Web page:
AI Noteworthy (formerly Hot Topics) 2018)

Noteworthy (formerly Hot Topics)(pdf)

This section replaces the previously-named Hot Topics. We include information here that is deemed of relevance to ecosystem considerations of fisheries managers, but does not fit our typical indicator format. Information included here is often new, a one-time event, qualitative, or some other type of non-standard ecosystem indicator.

Federal fishery changes in the Aleutian Islands

Earlier in April of 2018, the NPFMC created a Purpose and Need statement to modify Amendment 113 to the BSAI FMP, which under certain conditions sets aside 5,000 mt exclusively for harvest by vessels participating in directed fishing for AI Pacific cod and delivering their catch for processing to AI shoreplants west of 170°W from January 1 through March 15 (mainly Adak). At issue was the February 28 deadline by which 1,000 mt had to be fished in order to lock the 5,000 mt set aside. Vessels caught a portion and delivered it to processors other than the AI shoreplant, effectively triggering the closure of all the federal Pacific cod catcher vessel sectors (except jig gear) for directed fishing in the A season on the BSAI region on February 11. A resolution is expected on December 2018.

Following numerous ownership changes since 1999, the Adak shoreplant reopened in 2017 and continued to ship live golden King crab to Shanghai in 2018 .

Contributed by Ivonne Ortiz

Local Environmental (LEO) Network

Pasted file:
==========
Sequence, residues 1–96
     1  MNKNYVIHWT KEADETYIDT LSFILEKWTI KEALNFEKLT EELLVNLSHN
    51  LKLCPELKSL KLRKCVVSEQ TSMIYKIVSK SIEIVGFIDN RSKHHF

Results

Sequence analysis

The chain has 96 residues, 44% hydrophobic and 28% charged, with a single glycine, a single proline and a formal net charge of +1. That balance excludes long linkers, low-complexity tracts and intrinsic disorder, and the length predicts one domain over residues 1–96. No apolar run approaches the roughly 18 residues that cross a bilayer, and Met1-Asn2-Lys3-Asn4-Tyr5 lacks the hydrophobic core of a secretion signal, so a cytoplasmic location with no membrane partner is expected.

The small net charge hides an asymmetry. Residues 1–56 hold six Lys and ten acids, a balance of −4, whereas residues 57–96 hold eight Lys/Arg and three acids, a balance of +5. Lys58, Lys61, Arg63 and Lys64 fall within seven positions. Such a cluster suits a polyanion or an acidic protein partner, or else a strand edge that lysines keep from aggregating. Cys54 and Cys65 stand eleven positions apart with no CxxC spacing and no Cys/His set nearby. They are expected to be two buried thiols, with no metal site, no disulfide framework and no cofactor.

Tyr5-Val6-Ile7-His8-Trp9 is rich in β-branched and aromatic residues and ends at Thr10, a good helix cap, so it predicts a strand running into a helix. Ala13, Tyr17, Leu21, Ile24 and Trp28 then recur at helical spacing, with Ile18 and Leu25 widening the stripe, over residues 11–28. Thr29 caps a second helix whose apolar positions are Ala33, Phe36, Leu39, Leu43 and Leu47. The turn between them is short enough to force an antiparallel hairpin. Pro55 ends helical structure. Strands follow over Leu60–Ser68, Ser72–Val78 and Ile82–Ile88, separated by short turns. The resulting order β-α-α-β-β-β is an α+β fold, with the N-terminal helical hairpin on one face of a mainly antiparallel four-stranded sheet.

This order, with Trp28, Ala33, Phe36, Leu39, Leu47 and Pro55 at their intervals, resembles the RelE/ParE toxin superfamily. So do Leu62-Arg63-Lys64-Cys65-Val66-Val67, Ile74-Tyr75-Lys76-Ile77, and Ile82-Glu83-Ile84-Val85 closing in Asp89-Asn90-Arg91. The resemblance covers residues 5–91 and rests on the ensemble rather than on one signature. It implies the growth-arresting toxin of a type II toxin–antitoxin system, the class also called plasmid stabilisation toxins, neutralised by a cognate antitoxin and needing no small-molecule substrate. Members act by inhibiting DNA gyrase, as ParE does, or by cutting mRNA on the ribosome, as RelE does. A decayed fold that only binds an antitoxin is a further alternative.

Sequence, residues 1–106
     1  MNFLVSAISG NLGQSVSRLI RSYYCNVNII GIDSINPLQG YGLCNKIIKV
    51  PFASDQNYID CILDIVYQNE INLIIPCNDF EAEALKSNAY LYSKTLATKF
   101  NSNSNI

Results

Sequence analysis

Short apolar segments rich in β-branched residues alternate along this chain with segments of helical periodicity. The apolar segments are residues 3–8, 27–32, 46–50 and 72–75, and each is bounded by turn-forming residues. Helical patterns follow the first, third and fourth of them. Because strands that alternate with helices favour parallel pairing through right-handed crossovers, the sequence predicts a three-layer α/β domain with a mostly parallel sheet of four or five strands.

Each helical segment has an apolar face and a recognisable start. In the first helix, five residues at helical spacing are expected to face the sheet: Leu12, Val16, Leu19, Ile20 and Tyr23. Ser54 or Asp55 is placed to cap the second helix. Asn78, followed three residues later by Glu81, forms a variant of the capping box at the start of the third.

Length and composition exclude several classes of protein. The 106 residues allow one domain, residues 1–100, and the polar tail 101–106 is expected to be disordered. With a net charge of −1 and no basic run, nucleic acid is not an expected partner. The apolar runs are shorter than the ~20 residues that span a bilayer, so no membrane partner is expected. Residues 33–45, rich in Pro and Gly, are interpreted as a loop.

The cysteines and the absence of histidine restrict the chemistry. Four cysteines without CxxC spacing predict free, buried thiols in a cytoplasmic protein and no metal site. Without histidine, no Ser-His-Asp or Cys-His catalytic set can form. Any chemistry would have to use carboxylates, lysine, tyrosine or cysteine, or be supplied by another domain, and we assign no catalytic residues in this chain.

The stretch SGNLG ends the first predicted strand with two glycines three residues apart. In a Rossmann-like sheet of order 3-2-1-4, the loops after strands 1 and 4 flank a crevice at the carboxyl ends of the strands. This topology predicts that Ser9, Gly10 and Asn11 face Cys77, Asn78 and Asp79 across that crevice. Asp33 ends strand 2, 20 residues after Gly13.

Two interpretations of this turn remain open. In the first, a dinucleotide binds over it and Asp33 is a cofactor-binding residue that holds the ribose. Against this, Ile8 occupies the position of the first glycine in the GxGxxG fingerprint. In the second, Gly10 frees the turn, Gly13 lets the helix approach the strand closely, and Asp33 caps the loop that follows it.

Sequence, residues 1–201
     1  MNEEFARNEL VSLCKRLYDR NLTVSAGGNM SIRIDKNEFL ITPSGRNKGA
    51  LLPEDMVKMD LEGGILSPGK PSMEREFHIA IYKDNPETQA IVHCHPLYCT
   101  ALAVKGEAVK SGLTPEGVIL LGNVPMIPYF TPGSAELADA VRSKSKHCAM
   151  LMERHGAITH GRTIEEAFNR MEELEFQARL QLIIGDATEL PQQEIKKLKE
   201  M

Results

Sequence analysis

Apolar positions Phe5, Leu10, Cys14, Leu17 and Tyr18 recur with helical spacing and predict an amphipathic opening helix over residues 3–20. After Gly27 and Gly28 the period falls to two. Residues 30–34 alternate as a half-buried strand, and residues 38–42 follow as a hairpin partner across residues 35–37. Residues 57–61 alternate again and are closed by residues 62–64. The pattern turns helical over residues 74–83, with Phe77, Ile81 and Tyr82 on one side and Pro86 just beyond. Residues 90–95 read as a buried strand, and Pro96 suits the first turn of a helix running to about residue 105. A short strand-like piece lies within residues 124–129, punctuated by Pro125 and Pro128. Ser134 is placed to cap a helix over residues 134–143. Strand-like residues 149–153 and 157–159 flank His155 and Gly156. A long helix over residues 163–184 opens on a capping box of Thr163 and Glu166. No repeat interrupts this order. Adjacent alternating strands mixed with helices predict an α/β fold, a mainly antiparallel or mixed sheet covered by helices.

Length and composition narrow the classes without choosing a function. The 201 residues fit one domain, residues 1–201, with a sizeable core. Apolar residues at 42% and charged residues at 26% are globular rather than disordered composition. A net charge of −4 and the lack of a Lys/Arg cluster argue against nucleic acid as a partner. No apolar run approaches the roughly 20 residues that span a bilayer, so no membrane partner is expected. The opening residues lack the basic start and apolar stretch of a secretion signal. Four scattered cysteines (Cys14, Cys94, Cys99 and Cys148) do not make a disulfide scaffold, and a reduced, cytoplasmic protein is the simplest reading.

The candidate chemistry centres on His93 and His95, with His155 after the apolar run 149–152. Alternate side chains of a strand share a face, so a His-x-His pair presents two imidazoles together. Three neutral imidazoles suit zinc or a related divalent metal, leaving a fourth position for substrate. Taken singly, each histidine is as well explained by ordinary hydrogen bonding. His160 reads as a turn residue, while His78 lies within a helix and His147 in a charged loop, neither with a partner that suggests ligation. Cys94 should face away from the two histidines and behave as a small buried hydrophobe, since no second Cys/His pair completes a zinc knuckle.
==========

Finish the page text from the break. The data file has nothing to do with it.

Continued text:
The NMFS AFSC is interested in documenting and learning from citizen science observations that may be incorporated into Ecosystem Status Reports (ESRs). We identified the LEO Network as a potential platform for tracking these observations in the 2017 ESR and were encouraged by the Council and SSC to continue exploring the utilization of this framework in future reports. Other citizen science efforts exist in Alaska, but to our knowledge these efforts are mostly project specific (e.g., bird spotting and identification) or community specific.

The LEO Network was launched in 2012 by the Alaska Native Tribal Health Consortium (ANTHC) as a tool for local observers in the Arctic to share information about climate and other drivers of environmental change (see: Anyone may join the network and provide observations, and the network now spans the globe. Consultants with relevant expertise often, but not always, review the observations and provide feedback. The observations are of unusual environmental events or notable environmental changes, reported by geographic location and date, and classified by relevant category (or multiple relevant categories) such as weather, land, fish, sea mammals, ocean/sea, etc.

Figure 11 shows LEO Network observations from January 1, 2017 to August 1, 2018 in the Aleutian Islands (AI) LME with the frequency by category. These categories are based on analysis of the 7 total observations in 2017 and 2018 (through August 1st) in the AI and are not limited to the marine environment. The observations in Figure 12 were made in one community.

In response to the Council's and SSC's previous comments on the use of LEO Network observations in this report, AFSC is currently developing a LEO Network project to solicit observations from community


Figure 11: LEO Network Observations in Alaska for 2017 and 2018 (through August 1st), source:

members on specific ecological questions. Alaska State agencies, non-profit organizations, universities, and

U.S. federal agencies have similarly developed projects on the network to track observations specific to their area of interest, e.g., weather events, fish pathology, subsistence harvests, etc. AFSC is also actively pursuing opportunities to examine ways of incorporating local and traditional knowledge into fisheries management in the North Pacific with the Councils Bering Sea Fishery Ecosystem Plan and Social Science Planning Team and through targeted research efforts.


Figure 12: Distribution of 2017 and 2018 (through August 1st) LEO Network Observations in one AI community.

Contributed by Marysia Szymkowiak